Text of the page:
Masters of Arts in Biology

Program Requirements


8

graduate

courses
:


2

of

8

courses

in

“core”

subjects



cell

biology,



biochemistry,



genetics,



pharmacology
;



6

of

8

courses

with

grade

of

‘B’

or

better
.


Passing

final

paper

or

proposal

“culminating

experience”

on

topic

approved

by

Assoc

Dean,

Graduate

&

Postdoctoral

Studies
.


Masters of Arts in Biology

Program Requirements:

Culminating Experience


As

a

culminating

experience

for

the

Master

of

Arts

in

Biology

Program,

there

are

two

options
:



an

NIH

style

research

proposal

based

on

an

original

hypothesis

or


a

final

paper

which,

based

on

the

course

work

taken

by

the

student,

represents

an

original

in
-
depth

analysis

and

literature

review

of

a

problem

in

modern

biology
.

Masters of Arts in Biology

Program Requirements:

Culminating Experience


Research

proposal

(written

as

though

you

were

preparing

a

NIH

RO
1

application)

will

include
:


project

summary/abstract,


specific

aims,



research

strategy,


literature

cited
.


Final

paper

(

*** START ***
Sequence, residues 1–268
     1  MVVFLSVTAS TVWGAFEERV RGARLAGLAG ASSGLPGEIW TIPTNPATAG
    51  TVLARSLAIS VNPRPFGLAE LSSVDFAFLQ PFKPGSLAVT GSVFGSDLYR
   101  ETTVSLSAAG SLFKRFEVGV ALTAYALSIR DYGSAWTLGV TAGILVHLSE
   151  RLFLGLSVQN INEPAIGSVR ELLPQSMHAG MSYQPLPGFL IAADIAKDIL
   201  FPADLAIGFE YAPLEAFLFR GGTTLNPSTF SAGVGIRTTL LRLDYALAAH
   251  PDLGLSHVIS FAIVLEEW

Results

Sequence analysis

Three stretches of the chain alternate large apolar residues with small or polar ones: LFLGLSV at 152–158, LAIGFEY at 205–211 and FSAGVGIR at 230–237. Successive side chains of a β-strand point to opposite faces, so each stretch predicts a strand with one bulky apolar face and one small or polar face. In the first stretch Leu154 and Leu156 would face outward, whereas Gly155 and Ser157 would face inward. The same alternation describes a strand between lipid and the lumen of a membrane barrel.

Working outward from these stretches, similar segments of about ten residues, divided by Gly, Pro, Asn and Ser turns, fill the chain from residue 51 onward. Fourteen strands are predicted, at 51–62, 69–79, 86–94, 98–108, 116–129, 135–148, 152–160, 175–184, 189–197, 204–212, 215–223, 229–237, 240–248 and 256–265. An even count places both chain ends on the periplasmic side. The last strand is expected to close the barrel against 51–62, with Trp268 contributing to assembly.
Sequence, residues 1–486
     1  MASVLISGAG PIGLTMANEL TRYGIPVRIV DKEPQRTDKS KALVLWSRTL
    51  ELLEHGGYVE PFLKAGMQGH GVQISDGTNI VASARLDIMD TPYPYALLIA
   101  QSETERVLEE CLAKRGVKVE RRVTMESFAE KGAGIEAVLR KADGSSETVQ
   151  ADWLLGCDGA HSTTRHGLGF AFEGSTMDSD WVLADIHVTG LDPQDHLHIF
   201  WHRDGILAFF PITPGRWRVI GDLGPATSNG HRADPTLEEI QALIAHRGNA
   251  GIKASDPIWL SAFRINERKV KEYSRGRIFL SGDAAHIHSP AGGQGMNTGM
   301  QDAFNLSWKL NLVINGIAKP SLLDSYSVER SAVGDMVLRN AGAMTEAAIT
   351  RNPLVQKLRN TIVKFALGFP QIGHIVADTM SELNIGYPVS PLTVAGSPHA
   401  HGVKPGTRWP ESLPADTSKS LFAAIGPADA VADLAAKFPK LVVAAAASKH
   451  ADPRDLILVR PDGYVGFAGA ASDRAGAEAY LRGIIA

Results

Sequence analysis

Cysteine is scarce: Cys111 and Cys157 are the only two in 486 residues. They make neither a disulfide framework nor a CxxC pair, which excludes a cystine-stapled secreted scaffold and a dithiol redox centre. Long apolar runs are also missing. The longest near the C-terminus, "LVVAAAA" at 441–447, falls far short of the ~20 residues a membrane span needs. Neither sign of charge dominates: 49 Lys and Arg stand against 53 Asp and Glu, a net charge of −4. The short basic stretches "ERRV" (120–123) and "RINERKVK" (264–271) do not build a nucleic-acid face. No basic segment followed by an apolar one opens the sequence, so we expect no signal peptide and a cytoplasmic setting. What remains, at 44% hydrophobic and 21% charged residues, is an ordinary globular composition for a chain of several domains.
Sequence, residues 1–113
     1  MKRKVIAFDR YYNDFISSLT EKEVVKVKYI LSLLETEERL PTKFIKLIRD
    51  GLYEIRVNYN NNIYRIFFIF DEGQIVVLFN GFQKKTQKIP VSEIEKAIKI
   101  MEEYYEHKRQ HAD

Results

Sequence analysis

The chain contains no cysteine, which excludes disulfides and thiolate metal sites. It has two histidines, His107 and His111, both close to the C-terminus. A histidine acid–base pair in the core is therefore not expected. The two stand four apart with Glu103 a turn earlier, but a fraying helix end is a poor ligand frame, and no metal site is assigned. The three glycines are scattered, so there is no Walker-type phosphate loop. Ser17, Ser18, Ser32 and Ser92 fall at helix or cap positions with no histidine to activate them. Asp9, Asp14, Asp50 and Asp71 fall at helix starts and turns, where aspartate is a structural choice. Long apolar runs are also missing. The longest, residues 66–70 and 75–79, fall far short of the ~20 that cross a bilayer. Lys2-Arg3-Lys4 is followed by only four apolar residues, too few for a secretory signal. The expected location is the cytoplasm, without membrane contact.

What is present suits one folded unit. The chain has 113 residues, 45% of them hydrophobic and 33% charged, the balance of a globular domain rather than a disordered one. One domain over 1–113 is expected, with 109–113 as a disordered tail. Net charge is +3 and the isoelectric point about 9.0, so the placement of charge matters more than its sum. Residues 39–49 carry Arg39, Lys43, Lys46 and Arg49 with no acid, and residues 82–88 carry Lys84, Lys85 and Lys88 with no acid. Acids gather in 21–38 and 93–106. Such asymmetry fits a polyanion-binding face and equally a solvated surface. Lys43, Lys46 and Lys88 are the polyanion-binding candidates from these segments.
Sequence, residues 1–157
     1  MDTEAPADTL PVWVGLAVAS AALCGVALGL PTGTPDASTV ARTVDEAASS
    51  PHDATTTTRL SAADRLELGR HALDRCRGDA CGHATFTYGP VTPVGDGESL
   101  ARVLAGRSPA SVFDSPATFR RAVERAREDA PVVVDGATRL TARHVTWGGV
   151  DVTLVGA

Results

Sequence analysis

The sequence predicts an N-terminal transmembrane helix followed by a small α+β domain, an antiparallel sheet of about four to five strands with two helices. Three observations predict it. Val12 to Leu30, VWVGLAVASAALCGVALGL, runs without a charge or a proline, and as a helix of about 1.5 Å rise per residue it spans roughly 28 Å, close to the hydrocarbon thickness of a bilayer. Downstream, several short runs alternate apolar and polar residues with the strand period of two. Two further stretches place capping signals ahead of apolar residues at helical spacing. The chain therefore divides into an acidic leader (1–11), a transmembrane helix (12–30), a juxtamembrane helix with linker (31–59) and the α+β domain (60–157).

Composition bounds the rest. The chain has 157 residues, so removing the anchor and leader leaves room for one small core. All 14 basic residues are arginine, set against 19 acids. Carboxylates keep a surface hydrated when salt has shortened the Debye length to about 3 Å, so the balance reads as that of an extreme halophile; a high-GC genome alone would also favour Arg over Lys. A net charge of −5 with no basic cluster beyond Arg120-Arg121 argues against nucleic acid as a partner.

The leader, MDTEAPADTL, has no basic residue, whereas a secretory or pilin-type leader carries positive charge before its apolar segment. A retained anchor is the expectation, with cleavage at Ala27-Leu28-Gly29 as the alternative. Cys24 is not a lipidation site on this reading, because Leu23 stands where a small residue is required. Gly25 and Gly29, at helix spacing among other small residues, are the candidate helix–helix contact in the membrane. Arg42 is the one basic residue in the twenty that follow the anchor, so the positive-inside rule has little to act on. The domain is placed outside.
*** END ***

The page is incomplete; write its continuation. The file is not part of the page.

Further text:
10
-
15

pgs,

excluding

figures

and

references)

will

include
:



introduction,



discussion,



conclusion,



literature

cited
.

Masters of Arts in Biology

Program Requirements:

Culminating Experience


Topics

must

be

discussed

with,

and

approved

by

the

Associate

Dean

for

Graduate

and

Postdoctoral

Studies
.



The

final

project

may

be

undertaken

following

completion

of

7

courses,

but

must

be

completed

no

later

than

one

semester

following

completion

of

the

8
th

course
.


Masters of Arts in Biology


Program Requirements:

Culminating Experience


Both

projects

are

designed

to

demonstrate

the

student's

ability

to

master

and

integrate

the

knowledge

gained

in

the

prior

course

work

and

to

apply

that

knowledge

to

a

specific

problem

in

modern

biology
.



Masters of Arts in Biology

Program Requirements


No

courses

can

be

transferred

from

another

institution
.


Must

be

actively

employed

as

a

colleague

or

contractor

at

the

Groton/NL

Global

Research

Division
.


Pfizer

M
.
A
.

students

may

take

courses

toward

the

degree

on

Brown

University

campus

with

permission

of

instructor

and

Assoc
.

Dean

of

Graduate

and

Postdoctoral